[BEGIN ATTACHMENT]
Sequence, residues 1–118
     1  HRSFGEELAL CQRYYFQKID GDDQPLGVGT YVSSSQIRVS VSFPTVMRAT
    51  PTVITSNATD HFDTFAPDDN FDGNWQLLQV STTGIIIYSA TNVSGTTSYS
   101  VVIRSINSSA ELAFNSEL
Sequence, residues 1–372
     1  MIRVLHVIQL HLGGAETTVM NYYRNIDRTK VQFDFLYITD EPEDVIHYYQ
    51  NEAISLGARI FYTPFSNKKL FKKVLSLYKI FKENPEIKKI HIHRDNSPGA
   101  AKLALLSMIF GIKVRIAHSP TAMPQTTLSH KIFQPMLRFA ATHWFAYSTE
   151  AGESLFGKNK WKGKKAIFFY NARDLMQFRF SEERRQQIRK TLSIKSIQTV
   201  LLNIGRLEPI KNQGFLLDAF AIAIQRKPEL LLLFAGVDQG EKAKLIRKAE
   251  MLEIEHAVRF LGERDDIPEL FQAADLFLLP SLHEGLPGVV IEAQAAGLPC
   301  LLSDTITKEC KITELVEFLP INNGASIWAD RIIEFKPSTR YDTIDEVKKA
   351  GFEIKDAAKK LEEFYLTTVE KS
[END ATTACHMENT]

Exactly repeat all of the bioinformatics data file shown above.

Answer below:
Sequence, residues 1–118
     1  HRSFGEELAL CQRYYFQKID GDDQPLGVGT YVSSSQIRVS VSFPTVMRAT
    51  PTVITSNATD HFDTFAPDDN FDGNWQLLQV STTGIIIYSA TNVSGTTSYS
   101  VVIRSINSSA ELAFNSEL
Sequence, residues 1–372
     1  MIRVLHVIQL HLGGAETTVM NYYRNIDRTK VQFDFLYITD EPEDVIHYYQ
    51  NEAISLGARI FYTPFSNKKL FKKVLSLYKI FKENPEIKKI HIHRDNSPGA
   101  AKLALLSMIF GIKVRIAHSP TAMPQTTLSH KIFQPMLRFA ATHWFAYSTE
   151  AGESLFGKNK WKGKKAIFFY NARDLMQFRF SEERRQQIRK TLSIKSIQTV
   201  LLNIGRLEPI KNQGFLLDAF AIAIQRKPEL LLLFAGVDQG EKAKLIRKAE
   251  MLEIEHAVRF LGERDDIPEL FQAADLFLLP SLHEGLPGVV IEAQAAGLPC
   301  LLSDTITKEC KITELVEFLP INNGASIWAD RIIEFKPSTR YDTIDEVKKA
   351  GFEIKDAAKK LEEFYLTTVE KS